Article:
A light bulb moment for sculpture award winner

DHT Winner

Winner of the 2017 David Harold Tribe Sculpture Award: Ciaran Begley, Bulb #4 (Object as Image), 2016.

A sculptor who also sees himself as an amateur physicist has won the 2017 David Harold Tribe Sculpture Award. Ciaran Begley received the $12,000 prize at the opening of the SCA exhibition showcasing 16 finalists of this year’s national sculpture award.

The Sydney-based artist, who completed a Master of Fine Arts at SCA last year, uses elements of physics such as light, heat, electricity and optics as the basis of his art experiments, which cross over into the world of physics but cling to aesthetic interests.

Ciaran Begley’s winning work, Bulb #4, uses a simple projection of light from a bulb through a camera lens to project a lightbulb image on a screen. “My work evolved when I stumbled across the projection of a light bulb while changing the lens of a slide projector. Using the reversible nature of a camera lens, I was able to project the image of a light fitting by placing a camera over the bulb of a desk lamp.

“Although the image and the object are separated by 2 metres and 0.0000000066712819 seconds, they co-exist in time and space, presenting theoretical physics as a mutable aesthetic reality,” said Ciaran.

SCA Acting Director Professor Harris and Chair of the judging panel said that arriving at the final shortlist for the award was not easy, but the decision on the winner was unanimous. “The combination of creative imagination and impeccable execution in Bulb #4 made Ciaran’s work stand out. It was an exhilarating task with an amazing range of entries, demonstrating the health of sculpture as a continually evolving practice,” she said.

Professor Harris was joined on this year’s judging panel by Dr Julie Ewington, a pre-eminent contemporary art specialist with Queensland Art Gallery; Hany Armanious, a well-recognised Australian artist in installation and sculpture; and the University of Sydney’s Associate Professor Jennifer Barrett, who has published widely and curated projects on museums, culture and the arts.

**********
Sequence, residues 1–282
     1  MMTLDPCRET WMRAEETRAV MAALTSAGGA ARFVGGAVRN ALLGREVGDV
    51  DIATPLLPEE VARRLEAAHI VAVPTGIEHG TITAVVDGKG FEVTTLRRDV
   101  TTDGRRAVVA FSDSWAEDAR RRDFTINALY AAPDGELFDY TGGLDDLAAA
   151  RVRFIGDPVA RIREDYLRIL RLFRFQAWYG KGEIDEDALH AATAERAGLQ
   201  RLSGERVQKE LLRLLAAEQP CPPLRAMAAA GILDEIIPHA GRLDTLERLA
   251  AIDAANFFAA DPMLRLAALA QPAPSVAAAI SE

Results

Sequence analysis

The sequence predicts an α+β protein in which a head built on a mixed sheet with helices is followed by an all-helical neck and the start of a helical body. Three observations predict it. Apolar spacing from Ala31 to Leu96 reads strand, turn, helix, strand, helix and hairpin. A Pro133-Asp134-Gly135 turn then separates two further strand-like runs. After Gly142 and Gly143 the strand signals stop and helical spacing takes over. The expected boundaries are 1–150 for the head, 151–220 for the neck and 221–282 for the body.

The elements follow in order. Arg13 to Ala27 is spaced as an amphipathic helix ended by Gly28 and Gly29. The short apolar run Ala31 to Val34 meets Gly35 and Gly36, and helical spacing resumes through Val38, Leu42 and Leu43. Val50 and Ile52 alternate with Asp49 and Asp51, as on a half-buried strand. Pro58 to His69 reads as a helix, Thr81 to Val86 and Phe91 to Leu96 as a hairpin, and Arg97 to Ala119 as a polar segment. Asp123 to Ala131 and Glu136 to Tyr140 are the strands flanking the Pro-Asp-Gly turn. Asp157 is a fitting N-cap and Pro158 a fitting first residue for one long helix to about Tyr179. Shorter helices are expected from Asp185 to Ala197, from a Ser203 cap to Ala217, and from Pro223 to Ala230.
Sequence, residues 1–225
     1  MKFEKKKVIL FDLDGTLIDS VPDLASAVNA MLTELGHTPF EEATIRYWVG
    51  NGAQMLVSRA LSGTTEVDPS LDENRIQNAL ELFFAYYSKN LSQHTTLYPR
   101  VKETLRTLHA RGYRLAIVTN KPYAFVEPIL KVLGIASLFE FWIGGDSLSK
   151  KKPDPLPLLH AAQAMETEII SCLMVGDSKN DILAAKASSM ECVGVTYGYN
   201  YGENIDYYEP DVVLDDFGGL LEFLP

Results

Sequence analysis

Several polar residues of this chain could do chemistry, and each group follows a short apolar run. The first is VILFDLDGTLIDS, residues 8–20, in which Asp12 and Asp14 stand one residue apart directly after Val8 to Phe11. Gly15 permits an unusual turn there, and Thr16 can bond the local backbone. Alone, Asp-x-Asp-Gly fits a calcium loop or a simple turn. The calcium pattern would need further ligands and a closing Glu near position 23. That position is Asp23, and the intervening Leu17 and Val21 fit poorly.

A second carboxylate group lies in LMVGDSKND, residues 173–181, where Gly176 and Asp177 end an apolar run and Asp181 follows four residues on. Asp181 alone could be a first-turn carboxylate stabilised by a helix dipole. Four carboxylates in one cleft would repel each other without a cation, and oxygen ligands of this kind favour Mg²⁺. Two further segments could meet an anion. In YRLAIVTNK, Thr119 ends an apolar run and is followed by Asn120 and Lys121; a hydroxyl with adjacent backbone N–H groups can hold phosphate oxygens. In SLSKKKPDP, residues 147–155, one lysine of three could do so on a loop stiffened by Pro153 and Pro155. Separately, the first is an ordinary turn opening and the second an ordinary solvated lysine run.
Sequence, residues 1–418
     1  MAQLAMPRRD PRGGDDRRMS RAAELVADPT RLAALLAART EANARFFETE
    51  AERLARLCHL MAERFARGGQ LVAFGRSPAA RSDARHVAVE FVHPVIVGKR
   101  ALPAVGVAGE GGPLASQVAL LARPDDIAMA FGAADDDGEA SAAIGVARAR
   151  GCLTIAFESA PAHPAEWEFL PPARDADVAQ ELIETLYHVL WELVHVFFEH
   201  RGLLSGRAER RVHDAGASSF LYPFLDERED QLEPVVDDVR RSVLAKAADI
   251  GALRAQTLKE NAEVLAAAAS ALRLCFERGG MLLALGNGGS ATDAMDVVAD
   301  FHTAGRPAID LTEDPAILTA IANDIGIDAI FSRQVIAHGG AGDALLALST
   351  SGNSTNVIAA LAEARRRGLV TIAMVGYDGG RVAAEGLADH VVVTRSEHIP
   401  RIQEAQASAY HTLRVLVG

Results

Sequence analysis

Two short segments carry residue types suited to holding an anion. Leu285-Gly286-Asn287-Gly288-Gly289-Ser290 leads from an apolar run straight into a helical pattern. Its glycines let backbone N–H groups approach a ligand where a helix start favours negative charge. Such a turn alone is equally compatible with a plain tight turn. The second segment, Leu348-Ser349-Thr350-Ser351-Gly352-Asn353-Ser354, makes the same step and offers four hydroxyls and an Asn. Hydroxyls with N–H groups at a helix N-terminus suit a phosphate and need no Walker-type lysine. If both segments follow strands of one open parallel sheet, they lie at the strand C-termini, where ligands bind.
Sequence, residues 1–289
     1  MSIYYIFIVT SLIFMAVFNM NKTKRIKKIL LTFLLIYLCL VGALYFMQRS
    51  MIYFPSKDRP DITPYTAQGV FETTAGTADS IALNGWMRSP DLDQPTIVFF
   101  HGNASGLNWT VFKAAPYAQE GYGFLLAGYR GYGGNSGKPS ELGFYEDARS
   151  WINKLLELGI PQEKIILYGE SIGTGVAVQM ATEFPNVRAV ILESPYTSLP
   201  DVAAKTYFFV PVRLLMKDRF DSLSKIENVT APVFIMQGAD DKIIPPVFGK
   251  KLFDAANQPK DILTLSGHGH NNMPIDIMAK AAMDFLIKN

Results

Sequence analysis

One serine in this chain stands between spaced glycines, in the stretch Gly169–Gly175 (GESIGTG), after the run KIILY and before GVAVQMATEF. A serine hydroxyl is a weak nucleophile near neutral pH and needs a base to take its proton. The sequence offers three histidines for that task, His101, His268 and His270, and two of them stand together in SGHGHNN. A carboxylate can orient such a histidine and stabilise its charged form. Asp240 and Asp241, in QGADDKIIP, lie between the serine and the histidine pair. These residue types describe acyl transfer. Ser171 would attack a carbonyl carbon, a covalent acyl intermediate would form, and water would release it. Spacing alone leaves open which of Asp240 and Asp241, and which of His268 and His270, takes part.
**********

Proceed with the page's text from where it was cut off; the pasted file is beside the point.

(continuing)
Set up in 2005, the annual arts award is made possible thanks to a donation by the late David Harold Tribe through the David Harold Tribe Charitable Foundation. The award seeks to support the often overlooked fields of symphony, sculpture, philosophy, poetry and short fiction in arts philanthropy.

David Harold Tribe sadly passed away in May this year. At the official opening of the SCA exhibition, Professor Harris recalled her meeting with him last year. “David Harold Tribe was a quiet, alert man who was deeply satisfied at being able to encourage emerging artists and thinkers across a range of disciplines. It’s a privilege to honour his memory,” she said.

The finalists, whose works are currently at SCA alongside Begley's, are: Abdul-Rahman Abdullah, Vicky Browne, Consuelo Cavaniglia, Stevie Fieldsend, Kath Fries, David Haines & Joyce Hinterding, Daniel Hollier, Anna John, Anna McMahon, Kirsten Perry, Niall Robb, Susanna Strati, Salote Tawale, Ben Terakes and Yeliz Yorulmaz.

The David Harold Tribe Sculpture Award exhibition is showing at SCA Galleries until 9 September.


Selection of works from the exhibition. L-R: Consuelo Cavaniglia, 'Untitled #5' (from the simultaneous spaces series), 2017. Courtesy the artist, Station Gallery, Melbourne, and Kronenberg Wright Artist Projects, Sydney; Niall Robb, Surface (Paradise), 2017; Abdul-Rahman Abdullah, The Omen, 2014. Courtesy the artist; Stevie Fieldsend, Twin Tatau, 2014. Courtesy the artist and Artereal Gallery, Sydney.